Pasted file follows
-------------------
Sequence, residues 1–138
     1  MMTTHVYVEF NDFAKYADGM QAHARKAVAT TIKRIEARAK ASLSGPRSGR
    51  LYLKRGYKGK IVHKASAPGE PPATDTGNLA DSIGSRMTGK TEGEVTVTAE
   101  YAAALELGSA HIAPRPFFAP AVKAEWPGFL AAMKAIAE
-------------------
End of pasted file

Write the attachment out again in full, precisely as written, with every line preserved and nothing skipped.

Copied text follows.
Sequence, residues 1–138
     1  MMTTHVYVEF NDFAKYADGM QAHARKAVAT TIKRIEARAK ASLSGPRSGR
    51  LYLKRGYKGK IVHKASAPGE PPATDTGNLA DSIGSRMTGK TEGEVTVTAE
   101  YAAALELGSA HIAPRPFFAP AVKAEWPGFL AAMKAIAE